AJ Bell’s Khalaf said the bond market must face a day of reckoning eventually, unless monetary policy never normalises. “It might be a gradual deflation rather than an explosive rupture, but it does look like a question of when, not if. Long dated government bonds would be most in the firing line, so bond investors could seek to protect themselves by looking to shorter dated bonds, higher yielding markets, and strategic funds that employ a flexible approach,” Khalaf said.
The Bank of England is also expected to raise interest rates in 2022, perhaps two or three times, having unexpectedly lifted its main interest rate to 0.25% at its December meeting despite concerns over Omicron.
“In a very different modus operandi from the last pandemic resurgence, central banks are now on a firm tightening road,” said George Lagarias, the chief economist at Mazars. “We believe that for 2022, investors should at the very least be prepared for more volatility.”
Surging energy prices in Europe and Asia drove inflation higher this year, as supplies struggled to meet demand after the easing of lockdown measures over the summer across advanced economies. Inflation is expected to stay elevated in the short term but could then drop back through the year.
Bill Blain, a market strategist and the head of alternative assets at Shard Capital, said investors had not priced in the winter energy crisis that is driving up bills and forcing some factories to suspend work. “Markets are vastly underestimating just what higher power prices are going to do to corporate earnings and growth across the globe,” he said.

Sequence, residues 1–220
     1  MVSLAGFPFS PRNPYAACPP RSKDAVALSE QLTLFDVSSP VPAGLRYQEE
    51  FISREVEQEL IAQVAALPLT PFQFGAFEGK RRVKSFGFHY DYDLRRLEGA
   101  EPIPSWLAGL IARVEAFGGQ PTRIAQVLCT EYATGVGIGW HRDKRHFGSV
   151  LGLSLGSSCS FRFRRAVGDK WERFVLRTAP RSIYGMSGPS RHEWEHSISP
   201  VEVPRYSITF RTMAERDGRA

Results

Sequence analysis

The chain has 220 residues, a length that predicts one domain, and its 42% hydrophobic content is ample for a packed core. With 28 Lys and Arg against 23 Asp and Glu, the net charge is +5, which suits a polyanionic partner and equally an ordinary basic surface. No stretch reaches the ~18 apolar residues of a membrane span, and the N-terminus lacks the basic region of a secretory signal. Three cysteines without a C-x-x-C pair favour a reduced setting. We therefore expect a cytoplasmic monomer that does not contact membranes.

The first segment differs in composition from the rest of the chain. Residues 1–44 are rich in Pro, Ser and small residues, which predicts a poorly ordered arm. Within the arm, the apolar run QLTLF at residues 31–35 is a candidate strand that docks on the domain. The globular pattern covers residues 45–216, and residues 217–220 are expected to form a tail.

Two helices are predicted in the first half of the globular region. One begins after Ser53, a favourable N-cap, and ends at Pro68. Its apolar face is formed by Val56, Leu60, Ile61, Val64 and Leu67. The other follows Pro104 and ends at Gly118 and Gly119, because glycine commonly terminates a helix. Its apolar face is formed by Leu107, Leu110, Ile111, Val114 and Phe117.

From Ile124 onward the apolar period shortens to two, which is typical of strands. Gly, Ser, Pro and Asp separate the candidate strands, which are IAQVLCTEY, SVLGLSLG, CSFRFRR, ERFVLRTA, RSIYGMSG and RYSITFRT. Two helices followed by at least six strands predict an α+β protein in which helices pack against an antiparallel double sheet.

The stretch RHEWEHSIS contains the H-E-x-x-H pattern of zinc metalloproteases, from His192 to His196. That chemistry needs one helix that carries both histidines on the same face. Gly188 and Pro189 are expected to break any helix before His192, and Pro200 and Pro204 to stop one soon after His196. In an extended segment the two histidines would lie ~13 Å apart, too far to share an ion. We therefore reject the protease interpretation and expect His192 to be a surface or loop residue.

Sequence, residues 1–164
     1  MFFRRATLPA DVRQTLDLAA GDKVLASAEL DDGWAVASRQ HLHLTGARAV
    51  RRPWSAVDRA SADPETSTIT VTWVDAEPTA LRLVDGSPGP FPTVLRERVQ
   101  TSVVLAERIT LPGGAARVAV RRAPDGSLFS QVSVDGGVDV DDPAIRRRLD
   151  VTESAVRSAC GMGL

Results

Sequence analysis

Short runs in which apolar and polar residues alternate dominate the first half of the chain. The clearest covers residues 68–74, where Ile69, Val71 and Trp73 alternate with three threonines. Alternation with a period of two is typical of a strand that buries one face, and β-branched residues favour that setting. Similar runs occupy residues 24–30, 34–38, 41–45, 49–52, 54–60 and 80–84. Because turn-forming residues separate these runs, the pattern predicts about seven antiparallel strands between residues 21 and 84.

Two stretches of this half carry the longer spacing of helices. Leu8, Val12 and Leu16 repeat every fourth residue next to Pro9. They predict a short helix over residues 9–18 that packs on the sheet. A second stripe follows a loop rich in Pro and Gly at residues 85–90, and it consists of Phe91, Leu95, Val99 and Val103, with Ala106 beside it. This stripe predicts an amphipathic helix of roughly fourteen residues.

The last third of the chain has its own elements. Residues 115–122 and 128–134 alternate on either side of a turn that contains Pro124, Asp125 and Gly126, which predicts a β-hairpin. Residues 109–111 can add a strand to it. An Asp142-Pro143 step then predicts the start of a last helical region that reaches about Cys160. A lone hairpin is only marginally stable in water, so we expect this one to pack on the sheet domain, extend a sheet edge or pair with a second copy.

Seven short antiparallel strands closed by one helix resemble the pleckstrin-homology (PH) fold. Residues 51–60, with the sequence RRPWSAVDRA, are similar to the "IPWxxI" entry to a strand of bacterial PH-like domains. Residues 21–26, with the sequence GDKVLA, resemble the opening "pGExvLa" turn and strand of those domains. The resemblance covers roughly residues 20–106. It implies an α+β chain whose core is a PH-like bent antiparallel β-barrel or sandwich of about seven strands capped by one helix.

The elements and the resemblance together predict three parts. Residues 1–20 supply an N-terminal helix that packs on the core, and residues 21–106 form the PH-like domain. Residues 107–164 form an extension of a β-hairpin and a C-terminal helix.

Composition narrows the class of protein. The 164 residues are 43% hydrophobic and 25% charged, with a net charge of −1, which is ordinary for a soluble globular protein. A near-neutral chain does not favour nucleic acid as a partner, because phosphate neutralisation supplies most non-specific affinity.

Europe is particularly vulnerable, while power outages and “industrial dislocation” in China could cause fresh supply chain chaos, Blain added.
High-growth but low-profitability tech stocks may fare badly in a world of higher inflation and rising interest rates. The share prices of many of those pandemic winners such as Zoom and Peloton have already fallen back from record highs in 2021. Paul Craig, a portfolio manager at Quilter Investors, said extreme growth-oriented stocks may continue to struggle.
“We are potentially witnessing the end of the valuation bubble in emerging startups, hyper-growth and companies wearing tech clothing, and it would not be a shock to see more pain going into 2022,” he said.
The US economy could stutter if Joe Biden does not get his $1.75tn (£1.31tn) Build Back Better legislation through the Senate, where the Democratic senator Joe Manchin is blocking the package.
A slowdown or worse in China could also jolt markets in 2022. “Despite Beijing’s recent shift in policy stance, we expect growth to weaken further in spring 2022 on a worsening property sector, rising costs of the zero-Covid strategy, an export downturn and widespread factory closures before and during the Winter Olympics,” said Nomura, which fears “the worst is yet to come”.
“We expect Beijing to take more decisive action to arrest the downward spiral in spring 2022, and growth could bottom out after that,” Nomura added.